What is an IBAN? … and why would I need one? Jonathan Williams, Director, Mk2 Consulting Standardisation is generally a good thing, at least that’s what ISO – the International Organisation for Standardisation – believes, and this applies to financial transactions more than most. The International Bank Account Number – pronounced “eye-ban” in the UK and US and “ee-ban” pretty […]
What is an IBAN?
… and why would I need one?
Jonathan Williams, Director, Mk2 Consulting
Standardisation is generally a good thing, at least that’s what ISO – the International Organisation for Standardisation – believes, and this applies to financial transactions more than most. The International Bank Account Number – pronounced “eye-ban” in the UK and US and “ee-ban” pretty much everywhere else – has big shoes to fill: it’s a standard (ISO13616) which aims be the only bank account format you’ll ever need. It’s used in Europe and internationally and is the common format to represent any account in any country, and it does a pretty good job in almost all cases.
If you’re in Europe you’ll probably have been asked about IBANs when making a payment to the EU, but they have broader adoption, including in Brazil. Here are six key facts about IBANs:
- They’re not all the same length
- The country code at the front determines the format of the rest of the IBAN
- There are check digits to prevent errors creeping in … but IBANs with a valid check-digits can be incorrect
- They are comprised of both alphabetic characters and digits
- They’re not always bank accounts
- It’s easiest to find yours from your bank statement or online banking
The advent of the Single Euro Payments Are has meant that IBANs have superseded domestic account numbers in many European countries, but they have been in use for international payments for almost 20 years, generally alongside the BIC (Business Identifier Code, previously Bank Identifier Code).
The easiest way of thinking about IBAN is as a fully qualified, standardised address for a payment, and a BIC is the associated postcode: a BIC will get your payment to the right bank, but an IBAN will get it to the right account. It’s possible to work out the BIC from an IBAN reliably for almost all accounts.
IBAN Format varies by country
Since every country’s banking system is different, it must agree its own IBAN format, which has to be mapped to the existing account numbering system. Different countries have a different number of components including bank and branch codes and bank group identifiers. When they’re printed IBANs tend to have spaces every fourth digit (or letter) to make it easier for humans to read. The longest IBAN is from St Lucia – 32 characters – which recently overtook Malta – 31 characters.
IBANs must build on what was there before. Prior to IBANs becoming the default, German accounts had two components: an 8-digit branch code (Bankleitzahl) and a 10-digit account number (Kontonummer). This meant that when the Single Euro Payment Area (SEPA) standardised on IBAN as the only account format, all old account data needed to be replaced or converted.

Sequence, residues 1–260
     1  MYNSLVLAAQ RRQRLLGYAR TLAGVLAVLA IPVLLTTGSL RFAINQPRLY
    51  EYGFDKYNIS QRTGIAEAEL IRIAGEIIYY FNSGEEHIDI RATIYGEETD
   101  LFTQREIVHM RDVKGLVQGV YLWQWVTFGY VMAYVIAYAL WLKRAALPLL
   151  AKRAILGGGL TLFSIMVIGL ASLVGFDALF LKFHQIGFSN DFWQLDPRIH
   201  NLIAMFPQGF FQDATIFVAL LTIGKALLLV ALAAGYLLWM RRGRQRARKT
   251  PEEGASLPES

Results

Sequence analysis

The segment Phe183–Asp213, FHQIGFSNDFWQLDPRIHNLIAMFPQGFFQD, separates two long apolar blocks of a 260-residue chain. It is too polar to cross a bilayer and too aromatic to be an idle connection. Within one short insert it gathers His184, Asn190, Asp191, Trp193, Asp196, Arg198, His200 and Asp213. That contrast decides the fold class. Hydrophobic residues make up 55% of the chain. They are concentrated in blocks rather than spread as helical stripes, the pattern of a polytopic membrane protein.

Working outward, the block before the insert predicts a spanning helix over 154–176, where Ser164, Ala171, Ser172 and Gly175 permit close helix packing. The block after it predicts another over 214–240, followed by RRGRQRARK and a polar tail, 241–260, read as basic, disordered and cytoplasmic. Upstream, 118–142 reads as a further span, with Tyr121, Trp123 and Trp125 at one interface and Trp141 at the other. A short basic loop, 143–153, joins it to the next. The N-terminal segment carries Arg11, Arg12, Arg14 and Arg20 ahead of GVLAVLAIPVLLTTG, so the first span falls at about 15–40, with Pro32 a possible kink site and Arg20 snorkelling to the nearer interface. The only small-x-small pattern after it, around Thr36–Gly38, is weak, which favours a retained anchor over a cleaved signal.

|Country Code||Checksum||Branch Code (Bankleitzahl)||Account Number (Kontonummer)|
|DE89 3704||0044||0532 0130 00|
But every country is different and each has unique circumstances. We’ll look at two examples to see where some of the complexity comes from.
Case study: Netherlands
The old Netherlands account format had only one variable: the 10 digit account number, without reference to the bank. It was also possible to migrate account numbers between banks without change, in the same way a mobile phone number can be ported.
When the Netherlands banking community decided on their own IBAN format they decided it would be good to include a reference to the bank. The Netherlands format contains a [Bank Identifier] which looks just the same as the first four characters of the associated BIC. “ABNA” is the relevant identifier for ABN Amro. Account numbers are ten numeric digits. So NL91 ABNA 0417 1643 00 is a good example IBAN.
When the Netherlands was migrating to SEPA, businesses needed to update their databases and the Netherlands Banking Association decided to create an initiative to help with which I was involved when I was at Experian. The IBANBIC service, available to consumers and businesses, had a list of all the accounts from the clearing house, Equens, and could reliably form the IBAN for an account.
Case Study: United Kingdom
The UK’s banking and clearing system still relies on branch codes (sort codes) and account numbers. Ehen the UK format (with the ISO country code “GB”) was defined, it included both of these components and the [Bank Identifier] used in the Netherlands.
Therefore a UK IBAN example is GB29 NWBK 6016 1331 9268 19. “NWBK” is the National Westminster Bank, part of RBS Group and 60-16-13 is the sort code.